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‘Tom of Finland’ (review)

Produced by Aleksi Bardy,
Miia Haavisto, Annika Sucksdorff
Screenplay By Aleksi Bardy
Directed By Dome Karukoski
Starring Pekka Strang, Lauri Tilkanen,
Jessica Grabowsky, Taisto Oksanen,
Seumas Sargent, Niklas Hogner,
Jakob Oftebro, Kari Hietalahti


The main goal of a biopic is the ability to educate its audience, whether you agree with the topic, it’s to force you to have better understanding of that person’s way of life.

In Tom of Finland, Dome Karukoski’s biopic questions “what is art”?

For many people it could be the art held in the Vatican or Claude Monet; however to the gay community it’s the provocative works of Finnish artist Touko Laaksonen, aka Tom of Finland.

Unlike paintings of angels or flowers or even a girl with a pearl earring, he portrays hyper-muscular well endowed men of the gay lifestyle.

Despite appealing to a small crowd, he would go on to international fame within the gay community which sparks debates about depictions of hyper fetishized men in drag so popular it would inspired the artistic look of The Village People, Queen and the gay club scene.

Despite the many avenues Tom of Finland could have taken, it to this a very paint-by-numbers biopic that follows Laaksonen’s journey from his service in World War II to his rise in the art world. explores the many years of discrimination, his artwork which influenced many but shamed his hometown in Finland, where homosexuality was illegal.

Played by Pekka Strang, he used art as therapy, Laaksonen’s drawings consists of midnight encounters in parks and bathrooms, that are often filled with intensity while his depictions of police raids were time stamps in gay history and reflective of time when Laaksonen’s life was a cycle of police persecution, gay-bashing, repression, family rejection and lost love.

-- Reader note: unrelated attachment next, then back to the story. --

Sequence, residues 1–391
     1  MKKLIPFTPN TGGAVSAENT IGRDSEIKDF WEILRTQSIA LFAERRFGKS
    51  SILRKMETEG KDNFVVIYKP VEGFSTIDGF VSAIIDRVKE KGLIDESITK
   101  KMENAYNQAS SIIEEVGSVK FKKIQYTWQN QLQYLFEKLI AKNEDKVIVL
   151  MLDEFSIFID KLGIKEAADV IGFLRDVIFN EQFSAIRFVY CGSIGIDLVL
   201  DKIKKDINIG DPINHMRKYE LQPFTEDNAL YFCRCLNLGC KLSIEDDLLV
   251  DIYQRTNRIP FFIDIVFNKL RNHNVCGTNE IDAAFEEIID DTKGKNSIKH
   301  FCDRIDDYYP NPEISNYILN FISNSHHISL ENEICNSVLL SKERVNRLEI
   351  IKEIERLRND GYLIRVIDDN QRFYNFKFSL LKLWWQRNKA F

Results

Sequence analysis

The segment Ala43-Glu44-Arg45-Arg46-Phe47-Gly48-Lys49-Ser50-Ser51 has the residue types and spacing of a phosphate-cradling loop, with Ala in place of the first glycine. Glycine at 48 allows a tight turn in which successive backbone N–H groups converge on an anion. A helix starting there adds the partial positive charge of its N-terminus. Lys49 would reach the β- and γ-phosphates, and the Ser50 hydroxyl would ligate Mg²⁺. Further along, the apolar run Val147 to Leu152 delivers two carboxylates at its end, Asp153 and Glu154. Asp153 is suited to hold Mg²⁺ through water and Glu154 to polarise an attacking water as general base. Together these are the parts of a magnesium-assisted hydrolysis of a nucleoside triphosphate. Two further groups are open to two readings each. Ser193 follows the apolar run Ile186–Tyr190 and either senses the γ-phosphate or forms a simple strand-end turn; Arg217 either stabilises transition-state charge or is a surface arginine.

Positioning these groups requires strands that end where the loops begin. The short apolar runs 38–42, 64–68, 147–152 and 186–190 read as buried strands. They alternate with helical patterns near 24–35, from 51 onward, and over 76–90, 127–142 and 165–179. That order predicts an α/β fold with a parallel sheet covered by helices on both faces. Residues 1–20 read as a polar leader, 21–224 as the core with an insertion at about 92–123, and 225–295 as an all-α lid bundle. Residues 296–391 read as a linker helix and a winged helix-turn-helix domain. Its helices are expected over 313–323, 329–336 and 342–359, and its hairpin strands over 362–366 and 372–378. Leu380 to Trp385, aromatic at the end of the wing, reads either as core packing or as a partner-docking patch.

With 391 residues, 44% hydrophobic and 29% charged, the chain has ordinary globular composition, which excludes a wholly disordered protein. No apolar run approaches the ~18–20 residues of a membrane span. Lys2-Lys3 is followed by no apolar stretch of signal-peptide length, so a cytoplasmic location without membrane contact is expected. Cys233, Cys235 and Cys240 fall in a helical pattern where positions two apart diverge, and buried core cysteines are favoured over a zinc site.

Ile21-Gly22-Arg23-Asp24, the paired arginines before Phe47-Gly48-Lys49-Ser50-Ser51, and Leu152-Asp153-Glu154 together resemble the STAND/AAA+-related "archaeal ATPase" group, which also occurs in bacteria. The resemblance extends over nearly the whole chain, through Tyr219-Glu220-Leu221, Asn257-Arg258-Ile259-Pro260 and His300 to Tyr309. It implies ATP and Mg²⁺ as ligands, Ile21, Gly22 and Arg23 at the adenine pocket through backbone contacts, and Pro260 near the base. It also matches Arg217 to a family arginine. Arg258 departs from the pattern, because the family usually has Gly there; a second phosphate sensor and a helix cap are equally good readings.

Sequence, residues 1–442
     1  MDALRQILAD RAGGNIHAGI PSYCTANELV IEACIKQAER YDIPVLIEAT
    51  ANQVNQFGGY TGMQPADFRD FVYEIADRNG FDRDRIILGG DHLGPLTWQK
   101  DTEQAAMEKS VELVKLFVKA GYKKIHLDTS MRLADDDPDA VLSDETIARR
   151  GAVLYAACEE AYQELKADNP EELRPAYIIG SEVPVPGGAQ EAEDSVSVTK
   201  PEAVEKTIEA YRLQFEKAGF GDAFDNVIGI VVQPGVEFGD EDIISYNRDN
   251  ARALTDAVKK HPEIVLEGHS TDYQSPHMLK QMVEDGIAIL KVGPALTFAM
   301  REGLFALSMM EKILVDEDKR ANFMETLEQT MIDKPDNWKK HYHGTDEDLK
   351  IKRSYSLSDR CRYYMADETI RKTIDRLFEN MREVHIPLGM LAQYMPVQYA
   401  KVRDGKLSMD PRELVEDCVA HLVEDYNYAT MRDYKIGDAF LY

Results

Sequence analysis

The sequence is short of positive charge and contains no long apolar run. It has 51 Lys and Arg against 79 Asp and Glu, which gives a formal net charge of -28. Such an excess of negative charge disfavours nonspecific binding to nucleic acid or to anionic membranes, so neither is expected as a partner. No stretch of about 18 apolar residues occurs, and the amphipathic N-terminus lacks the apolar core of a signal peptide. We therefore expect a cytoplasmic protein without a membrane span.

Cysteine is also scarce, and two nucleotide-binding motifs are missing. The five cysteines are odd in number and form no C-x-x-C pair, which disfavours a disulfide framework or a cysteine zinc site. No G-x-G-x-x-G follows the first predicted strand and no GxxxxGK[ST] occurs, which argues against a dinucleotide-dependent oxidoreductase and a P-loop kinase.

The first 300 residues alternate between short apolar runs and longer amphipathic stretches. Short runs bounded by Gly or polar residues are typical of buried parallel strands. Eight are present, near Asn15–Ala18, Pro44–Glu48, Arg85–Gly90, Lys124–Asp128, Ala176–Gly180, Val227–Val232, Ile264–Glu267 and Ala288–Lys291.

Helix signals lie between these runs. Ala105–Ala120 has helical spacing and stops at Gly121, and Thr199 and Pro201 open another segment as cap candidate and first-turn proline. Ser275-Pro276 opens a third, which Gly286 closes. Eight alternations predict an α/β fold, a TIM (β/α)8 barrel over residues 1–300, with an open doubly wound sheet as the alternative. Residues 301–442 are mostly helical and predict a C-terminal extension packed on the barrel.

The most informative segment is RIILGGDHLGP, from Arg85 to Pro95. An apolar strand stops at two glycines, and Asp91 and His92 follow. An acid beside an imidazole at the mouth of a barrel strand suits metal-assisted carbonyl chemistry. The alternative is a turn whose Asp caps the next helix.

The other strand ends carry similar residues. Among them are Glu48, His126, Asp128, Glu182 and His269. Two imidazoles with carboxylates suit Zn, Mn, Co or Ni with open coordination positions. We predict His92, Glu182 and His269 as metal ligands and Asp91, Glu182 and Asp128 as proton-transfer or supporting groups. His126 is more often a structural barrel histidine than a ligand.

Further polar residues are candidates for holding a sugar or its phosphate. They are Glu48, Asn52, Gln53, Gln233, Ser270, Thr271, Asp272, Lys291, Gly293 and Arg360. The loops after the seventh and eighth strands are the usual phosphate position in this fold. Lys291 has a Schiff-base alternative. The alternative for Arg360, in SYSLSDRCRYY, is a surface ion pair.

It isn’t until Laaksonen’s artwork comes to America that he finds fame and acceptance with young men who felt Laaksonen’s artwork created an entire lifestyle for those who felt lost and rejected by their friends and family.

Unlike Tom of Finland‘s promising beginning the second half falls apart and fails to educate its audience on how Laaksonen’s artwork affected the gay community and his inner struggle with contributing to a culture of raw sex he felt contributed to the AIDS crisis in the 80’s and unrealistic beauty standards of men.

Despite superb acting from Strang, the script is flimsy at best and comparable to a simple Google search. Completely forgettable, it does a disservice to the many lives Laaksonen’s artwork touched. Full of one-dimensional characters, director Dome Karukoski plays it safe and generic.

Laaksonen is reduced to a shock artist who draws dirty pictures for his own amusement instead of someone constantly filled with loneliness due to a life lead in crippling fear of being injured or murdered because of his lifestyle and art. Lacking substance and heart, Tom of Finland is an unforntuate disappointment that fails on all levels.


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